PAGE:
Bob Amster
BrainTrust

Without having worked at Amazon, one could guess that Amazon has so impacted the world with its innovation that anyone who has worked there for some time is now desired by other companies seeking to keep up with a rapidly-changing technology landscape.

Gene Detroyer
BrainTrust

As Lee said, a plus 50% paycheck to move on.

Zel Bianco
BrainTrust

Amazon needs to stop being so greedy and start to share the wealth. Does anyone really need $200 Billion? CBS Sunday morning did a segment this past Sunday on wealth inequality in the U.S. — in the 6 minutes that it took for that segment, Bezos made another million dollars. This type of inequality will surely push staff out the door unless more is done to provide better quality of life issues.

Gene Detroyer
BrainTrust

Bezos owns a bit more than 10% of Amazon stock. As the stock rises so does Bezos net worth. If the stock dropped 24% since July, so did Bezos net worth. If Bezos were to sell a significant portion of his stock, the market will crater the stock another 25%.

David Spear
BrainTrust

As innovative as Amazon is with all things process and technology, I’m a bit surprised it hasn’t been more progressive with its pay and compensation practices. Basing a huge chunk of comp on stock appreciation is risky and it’s worked magically for Amazonians for the last 20+ years. It’s made thousands of employees millionaires, but when the stock cools — like it seemingly has for the last 6 months — then it’s natural for employees to reconsider their future, especially, when looking at creative comp packages from other competitors.

My recommendation to Amazon: take a hard look at your comp packages and re-imagine them in a similar fashion as you re-imagine other parts of your business operations.

DeAnn Campbell
BrainTrust

Workers are realizing their worth, and have a lot of options for earning, a trend that won’t be reversing any time soon. Companies that don’t offer compensation plans or sufficient work/life balance will continue to struggle to attract or keep talented staff. Amazon has an added challenge from bad press over working conditions, and the very real pressure of large workloads placed on staff to support the company’s enormous growth since the onset of Covid.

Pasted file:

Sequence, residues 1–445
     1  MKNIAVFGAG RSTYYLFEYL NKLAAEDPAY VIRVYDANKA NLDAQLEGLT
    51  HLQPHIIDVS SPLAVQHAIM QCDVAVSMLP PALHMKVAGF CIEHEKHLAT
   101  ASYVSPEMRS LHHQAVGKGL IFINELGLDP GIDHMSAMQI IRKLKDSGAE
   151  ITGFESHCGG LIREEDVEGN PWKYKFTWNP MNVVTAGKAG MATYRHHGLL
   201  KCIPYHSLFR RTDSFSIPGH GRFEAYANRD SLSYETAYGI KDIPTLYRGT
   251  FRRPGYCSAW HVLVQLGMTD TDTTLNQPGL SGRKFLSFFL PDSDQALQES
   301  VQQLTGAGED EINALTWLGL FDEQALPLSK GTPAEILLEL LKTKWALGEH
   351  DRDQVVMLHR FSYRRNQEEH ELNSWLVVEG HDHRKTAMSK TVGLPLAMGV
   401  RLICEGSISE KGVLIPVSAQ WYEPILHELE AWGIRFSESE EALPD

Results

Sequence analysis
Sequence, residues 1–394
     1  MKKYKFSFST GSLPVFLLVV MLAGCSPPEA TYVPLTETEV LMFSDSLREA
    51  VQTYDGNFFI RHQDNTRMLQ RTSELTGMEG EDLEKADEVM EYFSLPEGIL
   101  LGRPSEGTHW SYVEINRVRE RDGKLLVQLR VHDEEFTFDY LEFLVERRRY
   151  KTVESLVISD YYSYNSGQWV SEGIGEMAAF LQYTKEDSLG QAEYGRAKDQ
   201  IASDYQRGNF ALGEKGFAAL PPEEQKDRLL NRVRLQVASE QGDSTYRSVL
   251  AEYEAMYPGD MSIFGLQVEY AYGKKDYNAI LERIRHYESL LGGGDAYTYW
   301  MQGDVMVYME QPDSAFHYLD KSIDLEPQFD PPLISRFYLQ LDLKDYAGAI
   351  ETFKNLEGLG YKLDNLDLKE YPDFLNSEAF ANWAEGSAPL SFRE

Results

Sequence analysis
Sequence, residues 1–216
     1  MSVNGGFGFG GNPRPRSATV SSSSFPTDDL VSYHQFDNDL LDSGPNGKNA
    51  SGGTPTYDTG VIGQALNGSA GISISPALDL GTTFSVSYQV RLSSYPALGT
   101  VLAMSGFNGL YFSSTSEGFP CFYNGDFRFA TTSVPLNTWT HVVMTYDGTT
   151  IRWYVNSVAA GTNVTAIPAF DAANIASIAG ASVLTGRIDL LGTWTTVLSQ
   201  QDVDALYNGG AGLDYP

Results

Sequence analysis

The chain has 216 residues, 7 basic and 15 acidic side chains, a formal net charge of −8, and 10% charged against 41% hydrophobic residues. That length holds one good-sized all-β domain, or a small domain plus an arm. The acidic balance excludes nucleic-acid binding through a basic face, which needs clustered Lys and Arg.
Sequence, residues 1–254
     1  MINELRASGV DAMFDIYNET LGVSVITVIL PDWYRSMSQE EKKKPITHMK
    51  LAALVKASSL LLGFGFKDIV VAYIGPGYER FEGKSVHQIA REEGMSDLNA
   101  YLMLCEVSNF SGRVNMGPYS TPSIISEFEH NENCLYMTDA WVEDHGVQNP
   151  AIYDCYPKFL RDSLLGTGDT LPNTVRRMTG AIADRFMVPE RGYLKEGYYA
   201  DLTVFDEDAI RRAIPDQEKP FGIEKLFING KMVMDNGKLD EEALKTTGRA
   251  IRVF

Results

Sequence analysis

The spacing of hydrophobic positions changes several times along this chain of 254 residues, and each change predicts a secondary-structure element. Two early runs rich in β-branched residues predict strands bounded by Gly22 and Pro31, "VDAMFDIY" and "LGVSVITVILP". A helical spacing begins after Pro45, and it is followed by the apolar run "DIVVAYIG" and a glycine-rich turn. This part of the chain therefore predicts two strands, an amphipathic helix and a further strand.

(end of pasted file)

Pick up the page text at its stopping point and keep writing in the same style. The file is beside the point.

Gene Detroyer
BrainTrust
Yes, this is an issue for Amazon. But it is also an issue for other major tach companies. We have heard about the Great Resignation. More than that is the Great Tech Resignation. A recent survey indicated that any are quitting because they’re physically and emotionally exhausted. And the departure of so many makes it that much worse for those who remain. The demand far outweighs the the available talent with offers sky rocketing. The changes to the immigration laws have also cut down on the available talent. Almost three-quarters of Silicon Valley workers are foreigners. The highest paying jobs in the future with the highest demand are all in some area of tech. Sadly, without the talent that is needed in the U.S. to continue to move forward in technology, the U.S. eventually will not be leader. To quote Tim Cook: “The number one reason why we like to be in China is the people. China has extraordinary skills. And the part that’s the most unknown is there’s almost two million application developers in… Read more »
Gary Sankary
BrainTrust

The difficult, to be kind, work environment at Amazon is the stuff of legend. Ever since the NYT article in 2015 that highlighted how Amazon treated its employees, Amazon has been almost constantly criticized in the press for their employment practices. Back then, Bezos responded with an internal memo where he said “I don’t recognize this Amazon and I very much hope you don’t, either.” Eight years later, it seems little has changed. The news continues to report how tough it is to work at Amazon, frankly in any role, not just tech.

So, in my mind the idea that in this economy where workers, especially tech workers, have more options than ever before, that workers would chose to vote with their feet and leave — not surprised.

Shep Hyken
BrainTrust

“The Great Resignation” hits all companies of all sizes. Some have been able to thwart off the mass resignations by going beyond compensation and benefits and into the culture of the company. There are two choices to make. Do you want employees working for money, or do you want them working for the company?